nancylebov (nancylebov) wrote,

Outliving the US: the comments

The other day, I asked whether people expected to outlive the US, and got some very interesting replies.

The most noticeable similarity was that no one expected anything good to come of an end to the US, which probably supports the idea that the US is very stable.

tahkhleet posted a substantial core dump about politics and the state of the culture. I'm feeling rather swamped. This is unfair. Overloading people is *my* job.

Still, I'm going to pick out some bits. However, I recommend reading the whole thing.

Is Obama genuinely that awful? I'm disappointed that he isn't prosecuting those responsible for torture (and NPR did a bit about how he used the word torture before he was elected, but has dropped it since then). Is he letting *everything* important slide?

I'd have thought he's at least smart enough to take a lesson from what Katrina did to Bush's reputation.

Two "do my homework" questions:

Are his foreign policy advisors really all hawks?

How did he handle things when he was a community organizer? Did he get useful work done?
Slightly different angle about the financial elite: One of my friends believes that credentialism is part of the problem. The most likely way to get one of those very well-paid jobs is to be totally focused on the exhausting work of getting the right degrees. Aside from tahkhleet's point that only someone who's got bad values will be willing to do the work, getting the credentials means being totally focused on incentives rather than paying attention to the larger system.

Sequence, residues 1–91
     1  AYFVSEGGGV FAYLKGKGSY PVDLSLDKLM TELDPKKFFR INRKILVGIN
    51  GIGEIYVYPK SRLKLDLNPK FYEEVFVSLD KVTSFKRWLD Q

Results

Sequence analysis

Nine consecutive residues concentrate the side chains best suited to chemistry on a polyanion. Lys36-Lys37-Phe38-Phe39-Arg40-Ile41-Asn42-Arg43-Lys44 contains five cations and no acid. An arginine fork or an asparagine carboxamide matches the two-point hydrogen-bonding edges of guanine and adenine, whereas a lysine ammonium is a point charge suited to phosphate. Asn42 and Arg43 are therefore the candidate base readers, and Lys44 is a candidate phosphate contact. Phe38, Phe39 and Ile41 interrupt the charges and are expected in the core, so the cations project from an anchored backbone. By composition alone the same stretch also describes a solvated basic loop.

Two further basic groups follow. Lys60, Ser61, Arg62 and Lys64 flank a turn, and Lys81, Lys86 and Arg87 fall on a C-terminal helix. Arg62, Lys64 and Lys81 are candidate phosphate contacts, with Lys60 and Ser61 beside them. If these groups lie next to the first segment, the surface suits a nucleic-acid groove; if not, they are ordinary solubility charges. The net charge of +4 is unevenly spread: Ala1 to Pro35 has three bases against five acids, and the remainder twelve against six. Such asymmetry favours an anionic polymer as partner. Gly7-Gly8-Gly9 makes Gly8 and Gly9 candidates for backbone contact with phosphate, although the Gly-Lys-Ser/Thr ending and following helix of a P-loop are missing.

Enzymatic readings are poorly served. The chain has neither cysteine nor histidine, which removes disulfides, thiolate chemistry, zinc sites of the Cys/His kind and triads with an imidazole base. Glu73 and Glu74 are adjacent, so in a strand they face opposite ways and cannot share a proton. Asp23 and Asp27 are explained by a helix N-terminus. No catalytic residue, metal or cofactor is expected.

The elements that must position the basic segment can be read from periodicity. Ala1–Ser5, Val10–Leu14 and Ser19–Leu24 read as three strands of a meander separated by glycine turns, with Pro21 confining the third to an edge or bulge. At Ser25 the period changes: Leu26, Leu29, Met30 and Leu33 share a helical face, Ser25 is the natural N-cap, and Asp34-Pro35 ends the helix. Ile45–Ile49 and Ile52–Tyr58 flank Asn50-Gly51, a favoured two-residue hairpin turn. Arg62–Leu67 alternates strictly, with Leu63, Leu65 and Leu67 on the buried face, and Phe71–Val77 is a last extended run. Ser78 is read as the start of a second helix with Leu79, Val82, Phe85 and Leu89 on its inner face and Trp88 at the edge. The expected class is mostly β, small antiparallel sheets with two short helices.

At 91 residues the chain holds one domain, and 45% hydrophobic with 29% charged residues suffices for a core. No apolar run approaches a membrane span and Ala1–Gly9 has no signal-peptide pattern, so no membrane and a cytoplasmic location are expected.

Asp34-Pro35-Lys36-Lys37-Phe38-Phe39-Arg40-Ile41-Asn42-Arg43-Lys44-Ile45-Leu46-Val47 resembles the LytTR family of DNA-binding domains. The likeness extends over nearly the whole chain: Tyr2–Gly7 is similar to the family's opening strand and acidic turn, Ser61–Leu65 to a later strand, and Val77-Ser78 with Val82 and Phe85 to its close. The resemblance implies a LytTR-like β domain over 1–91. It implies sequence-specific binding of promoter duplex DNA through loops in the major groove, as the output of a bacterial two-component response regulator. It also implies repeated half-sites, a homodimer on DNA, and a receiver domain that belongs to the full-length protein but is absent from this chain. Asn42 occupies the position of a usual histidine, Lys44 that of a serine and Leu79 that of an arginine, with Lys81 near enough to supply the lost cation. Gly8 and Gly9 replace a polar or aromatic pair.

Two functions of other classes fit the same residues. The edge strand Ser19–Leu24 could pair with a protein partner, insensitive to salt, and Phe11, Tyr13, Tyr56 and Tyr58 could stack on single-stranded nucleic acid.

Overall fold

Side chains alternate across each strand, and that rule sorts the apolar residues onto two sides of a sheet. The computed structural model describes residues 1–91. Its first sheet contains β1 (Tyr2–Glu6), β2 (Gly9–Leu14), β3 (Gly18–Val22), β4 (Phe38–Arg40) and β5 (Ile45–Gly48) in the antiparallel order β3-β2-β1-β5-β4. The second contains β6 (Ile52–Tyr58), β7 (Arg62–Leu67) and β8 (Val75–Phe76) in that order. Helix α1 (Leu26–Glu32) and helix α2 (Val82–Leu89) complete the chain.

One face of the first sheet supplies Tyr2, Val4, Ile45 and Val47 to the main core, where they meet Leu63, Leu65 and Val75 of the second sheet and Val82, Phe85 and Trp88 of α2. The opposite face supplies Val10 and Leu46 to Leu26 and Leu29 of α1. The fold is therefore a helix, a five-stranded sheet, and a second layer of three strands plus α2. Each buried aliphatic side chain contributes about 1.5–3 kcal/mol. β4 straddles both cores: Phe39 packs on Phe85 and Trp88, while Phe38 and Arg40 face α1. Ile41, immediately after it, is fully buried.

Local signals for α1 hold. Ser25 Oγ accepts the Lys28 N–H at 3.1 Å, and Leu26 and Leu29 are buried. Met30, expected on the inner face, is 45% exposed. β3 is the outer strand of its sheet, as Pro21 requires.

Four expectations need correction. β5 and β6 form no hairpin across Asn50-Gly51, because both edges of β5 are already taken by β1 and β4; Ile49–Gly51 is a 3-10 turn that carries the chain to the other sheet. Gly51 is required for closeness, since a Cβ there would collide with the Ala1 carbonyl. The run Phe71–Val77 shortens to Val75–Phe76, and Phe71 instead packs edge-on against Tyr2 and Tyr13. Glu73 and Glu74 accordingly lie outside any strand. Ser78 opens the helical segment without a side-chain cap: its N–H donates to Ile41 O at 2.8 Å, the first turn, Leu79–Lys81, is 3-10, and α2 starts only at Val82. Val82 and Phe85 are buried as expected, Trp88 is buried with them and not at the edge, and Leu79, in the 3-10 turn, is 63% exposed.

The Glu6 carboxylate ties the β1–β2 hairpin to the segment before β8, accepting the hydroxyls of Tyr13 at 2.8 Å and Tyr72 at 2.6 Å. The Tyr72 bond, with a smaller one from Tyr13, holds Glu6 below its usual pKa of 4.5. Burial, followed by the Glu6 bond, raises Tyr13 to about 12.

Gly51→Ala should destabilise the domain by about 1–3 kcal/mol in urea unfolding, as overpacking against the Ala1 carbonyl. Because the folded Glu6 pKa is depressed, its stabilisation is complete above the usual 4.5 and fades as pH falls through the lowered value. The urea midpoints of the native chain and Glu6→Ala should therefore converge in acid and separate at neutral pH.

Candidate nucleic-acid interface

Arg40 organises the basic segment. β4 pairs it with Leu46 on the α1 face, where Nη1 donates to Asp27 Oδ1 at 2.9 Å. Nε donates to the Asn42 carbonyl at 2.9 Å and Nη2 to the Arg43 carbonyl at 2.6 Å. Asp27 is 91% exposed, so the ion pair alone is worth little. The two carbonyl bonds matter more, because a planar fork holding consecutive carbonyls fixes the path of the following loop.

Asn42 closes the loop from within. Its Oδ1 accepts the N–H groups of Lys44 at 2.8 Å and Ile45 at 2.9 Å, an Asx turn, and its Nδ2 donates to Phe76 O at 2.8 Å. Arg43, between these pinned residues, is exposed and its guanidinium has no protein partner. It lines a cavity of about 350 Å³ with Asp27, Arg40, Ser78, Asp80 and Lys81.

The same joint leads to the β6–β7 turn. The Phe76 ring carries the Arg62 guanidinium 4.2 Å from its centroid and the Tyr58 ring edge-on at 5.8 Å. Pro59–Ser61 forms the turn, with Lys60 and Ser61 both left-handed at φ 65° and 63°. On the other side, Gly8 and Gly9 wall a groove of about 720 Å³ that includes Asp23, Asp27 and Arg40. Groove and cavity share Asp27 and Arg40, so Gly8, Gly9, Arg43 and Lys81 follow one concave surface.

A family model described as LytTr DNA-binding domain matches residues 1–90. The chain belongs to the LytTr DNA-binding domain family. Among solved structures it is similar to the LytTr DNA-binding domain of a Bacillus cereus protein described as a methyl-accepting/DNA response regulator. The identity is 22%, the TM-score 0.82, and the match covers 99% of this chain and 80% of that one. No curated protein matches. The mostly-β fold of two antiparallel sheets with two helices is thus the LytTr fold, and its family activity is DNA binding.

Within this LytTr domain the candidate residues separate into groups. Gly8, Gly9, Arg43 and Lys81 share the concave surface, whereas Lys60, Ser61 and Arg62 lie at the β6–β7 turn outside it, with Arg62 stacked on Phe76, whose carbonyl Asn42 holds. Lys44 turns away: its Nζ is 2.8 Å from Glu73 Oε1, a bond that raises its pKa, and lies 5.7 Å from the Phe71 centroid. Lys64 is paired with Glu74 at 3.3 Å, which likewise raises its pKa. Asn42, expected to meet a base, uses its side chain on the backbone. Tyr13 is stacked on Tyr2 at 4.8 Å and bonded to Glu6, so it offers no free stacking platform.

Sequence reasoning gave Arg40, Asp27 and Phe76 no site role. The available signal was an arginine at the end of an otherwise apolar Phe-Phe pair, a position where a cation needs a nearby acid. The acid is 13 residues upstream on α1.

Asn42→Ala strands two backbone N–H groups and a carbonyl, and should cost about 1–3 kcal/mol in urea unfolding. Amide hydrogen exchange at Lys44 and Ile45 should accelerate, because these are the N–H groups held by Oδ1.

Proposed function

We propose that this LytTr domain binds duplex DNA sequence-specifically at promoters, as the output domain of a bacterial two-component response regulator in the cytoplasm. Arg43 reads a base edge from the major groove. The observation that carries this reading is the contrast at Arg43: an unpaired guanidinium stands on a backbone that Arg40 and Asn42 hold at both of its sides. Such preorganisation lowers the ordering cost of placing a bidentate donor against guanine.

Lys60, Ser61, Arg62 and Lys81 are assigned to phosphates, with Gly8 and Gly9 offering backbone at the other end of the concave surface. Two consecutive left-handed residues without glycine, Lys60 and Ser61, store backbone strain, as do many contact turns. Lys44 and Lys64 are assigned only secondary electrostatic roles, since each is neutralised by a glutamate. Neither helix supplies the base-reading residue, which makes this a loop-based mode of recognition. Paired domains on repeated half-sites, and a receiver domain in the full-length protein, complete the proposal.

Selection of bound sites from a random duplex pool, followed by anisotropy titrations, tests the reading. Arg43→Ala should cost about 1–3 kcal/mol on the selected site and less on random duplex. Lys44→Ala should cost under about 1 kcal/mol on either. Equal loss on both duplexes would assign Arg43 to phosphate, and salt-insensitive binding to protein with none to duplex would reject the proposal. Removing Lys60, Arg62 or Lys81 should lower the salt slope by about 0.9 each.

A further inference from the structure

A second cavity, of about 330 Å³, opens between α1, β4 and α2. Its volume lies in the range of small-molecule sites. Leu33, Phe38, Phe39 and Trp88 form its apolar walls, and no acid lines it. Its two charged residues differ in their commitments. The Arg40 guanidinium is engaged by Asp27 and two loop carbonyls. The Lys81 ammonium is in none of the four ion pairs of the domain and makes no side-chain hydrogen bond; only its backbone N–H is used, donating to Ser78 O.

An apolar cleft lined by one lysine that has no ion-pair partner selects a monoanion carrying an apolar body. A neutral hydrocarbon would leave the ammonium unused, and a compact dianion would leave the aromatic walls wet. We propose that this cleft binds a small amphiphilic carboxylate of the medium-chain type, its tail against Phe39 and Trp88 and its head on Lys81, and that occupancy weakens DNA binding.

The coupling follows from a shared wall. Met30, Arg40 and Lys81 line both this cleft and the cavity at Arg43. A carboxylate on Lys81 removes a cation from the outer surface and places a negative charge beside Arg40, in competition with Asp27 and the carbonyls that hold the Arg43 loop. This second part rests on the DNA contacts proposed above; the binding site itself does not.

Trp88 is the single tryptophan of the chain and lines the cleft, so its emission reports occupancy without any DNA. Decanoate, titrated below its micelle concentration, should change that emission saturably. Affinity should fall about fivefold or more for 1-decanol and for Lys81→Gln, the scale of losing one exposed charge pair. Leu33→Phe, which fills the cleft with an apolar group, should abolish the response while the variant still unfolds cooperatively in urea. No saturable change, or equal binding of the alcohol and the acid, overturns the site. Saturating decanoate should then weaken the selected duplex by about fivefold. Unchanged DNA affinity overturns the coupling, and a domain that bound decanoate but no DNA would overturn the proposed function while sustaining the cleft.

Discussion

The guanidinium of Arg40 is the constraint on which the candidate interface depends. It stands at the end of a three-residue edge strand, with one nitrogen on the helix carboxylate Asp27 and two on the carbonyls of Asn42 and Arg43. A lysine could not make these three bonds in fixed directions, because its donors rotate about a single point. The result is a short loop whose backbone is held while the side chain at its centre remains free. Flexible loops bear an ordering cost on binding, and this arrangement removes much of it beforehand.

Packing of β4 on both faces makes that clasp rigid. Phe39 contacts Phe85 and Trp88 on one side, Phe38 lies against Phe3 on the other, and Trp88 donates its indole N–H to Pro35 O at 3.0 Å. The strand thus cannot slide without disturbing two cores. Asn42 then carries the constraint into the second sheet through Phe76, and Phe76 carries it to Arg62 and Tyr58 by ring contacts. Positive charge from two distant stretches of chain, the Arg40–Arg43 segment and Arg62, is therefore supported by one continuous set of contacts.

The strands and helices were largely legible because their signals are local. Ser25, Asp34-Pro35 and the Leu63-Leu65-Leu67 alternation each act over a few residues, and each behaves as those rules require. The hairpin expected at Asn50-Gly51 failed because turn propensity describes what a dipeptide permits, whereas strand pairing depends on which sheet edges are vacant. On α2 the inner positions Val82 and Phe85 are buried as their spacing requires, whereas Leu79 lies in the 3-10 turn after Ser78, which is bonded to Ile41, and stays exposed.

Back to my pov: Having a system which makes room for competence is a very subtle problem. If people are totally shielded from consequences, whoever is good at social climbing will get the rewards, and the quality of work goes to hell. If there is too much effort to make sure the right thing is done, people game the measurement system, and the work goes to heck.

Genocide: I've been wondering for a while whether I'll see a nation commit auto-genocide (over 75% of population killed). It just seems as though people go nuts that way occasionally, and people are much more dependent on infrastructure than they used to be. Still, I don't know that the elites are dreaming of wiping a lot of the rest of us out, though worries about overpopulation can be read that way.

For purposes of this discussion, it isn't necessary that the elites would actually benefit from genocide, just whether enough of them strongly believe they would.
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